openSUSE is one of the most popular desktop distros available. This time around itâ€™s version 12.1 that has been released. If you arenâ€™t familiar with openSUSE then you should know that it comes in KDE, GNOME, Xfce and LXDE versions. For this review Iâ€™ve picked the KDE version of openSUSE 12.1. I may do a quick look at the GNOME version on Eye On Linux later though.
Speaking of the GNOME version of openSUSE 12.1, I took a quick peek at it to see if the openSUSE had made any significant changes to the dreadful GNOME 3 desktop. Unfortunately, they didnâ€™t though they should have. The Linux Mint developers did a good job on altering the GNOME 3.2 desktop to make it usable; I had hoped the openSUSE developers would do the same. Alas, perhaps they will in the next release. The lack of GNOME 3 tweaks is one of the reasons why I decided to review the KDE version instead.
Okay, enough babble about GNOME. Letâ€™s get on with this review of openSUSE 12.1 KDE. (…)
It’s November again, so what does that mean? It means there’s another new release of openSUSE, and I’m reviewing it.
openSUSE doesn’t really need much of an introduction here. There are a few new things with this release, though. The first is that GNOME 3 has become an official part of openSUSE; this is not surprising considering that openSUSE and Fedora were the only distributions who provided vanilla live CD previews of GNOME 3 before its official release. The second is that the release numbering and schedule have changed. Now, there will be releases in November, July, and March, and they will respectively have decimal numbers “.1”, “.2”, and “.3” before the number before the decimal point gets incremented by one with the next November release. This means that there will be no more “.0” or “.4” releases, and that the jump from, for example, version 13.1 to 13.2 will be just as significant as the jump from version 12.3 to 13.1. (…)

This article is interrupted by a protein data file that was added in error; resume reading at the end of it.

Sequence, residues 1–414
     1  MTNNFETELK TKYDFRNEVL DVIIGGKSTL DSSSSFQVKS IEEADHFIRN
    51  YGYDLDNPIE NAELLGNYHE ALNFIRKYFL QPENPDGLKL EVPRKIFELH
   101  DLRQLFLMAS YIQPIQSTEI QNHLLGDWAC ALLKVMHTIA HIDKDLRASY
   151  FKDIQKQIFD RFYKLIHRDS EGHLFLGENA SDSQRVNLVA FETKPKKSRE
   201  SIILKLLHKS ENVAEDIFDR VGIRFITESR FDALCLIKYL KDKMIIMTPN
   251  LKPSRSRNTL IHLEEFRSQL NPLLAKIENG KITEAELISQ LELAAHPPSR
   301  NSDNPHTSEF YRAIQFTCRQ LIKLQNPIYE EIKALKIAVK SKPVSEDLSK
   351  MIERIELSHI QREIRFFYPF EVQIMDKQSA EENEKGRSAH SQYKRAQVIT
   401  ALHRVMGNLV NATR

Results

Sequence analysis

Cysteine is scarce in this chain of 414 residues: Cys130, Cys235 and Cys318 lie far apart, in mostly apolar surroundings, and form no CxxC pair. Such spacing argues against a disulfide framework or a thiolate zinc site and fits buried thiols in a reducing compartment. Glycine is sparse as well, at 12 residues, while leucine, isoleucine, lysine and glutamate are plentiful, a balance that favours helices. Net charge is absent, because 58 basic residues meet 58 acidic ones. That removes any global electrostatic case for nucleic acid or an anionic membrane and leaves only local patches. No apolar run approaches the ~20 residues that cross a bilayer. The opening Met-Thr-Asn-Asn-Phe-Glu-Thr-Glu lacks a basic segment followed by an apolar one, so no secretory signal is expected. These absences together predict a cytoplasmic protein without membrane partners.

I was curious to try out OpenSUSE 12.1 not just because the buzz on it is that itâ€™s a great release, but also because it presented a chance to kick the tires on GNOME 3, which I still hadnâ€™t worked with.
I tested it on my ThinkPad T43 (on the actual machine and not in a virtual one) and it installed with no problems. Everything worked perfectly out of the box (as a side note, on a recent edition of the Tux Radar podcast, host Jonathan Roberts credited improvements in the Linux kernel in making non-Ubuntu distributions competitive hardware-wise; where Ubuntu found early success getting hardware to work, now the kernel itself seems to handle a lot of that heavy lifting for distributions).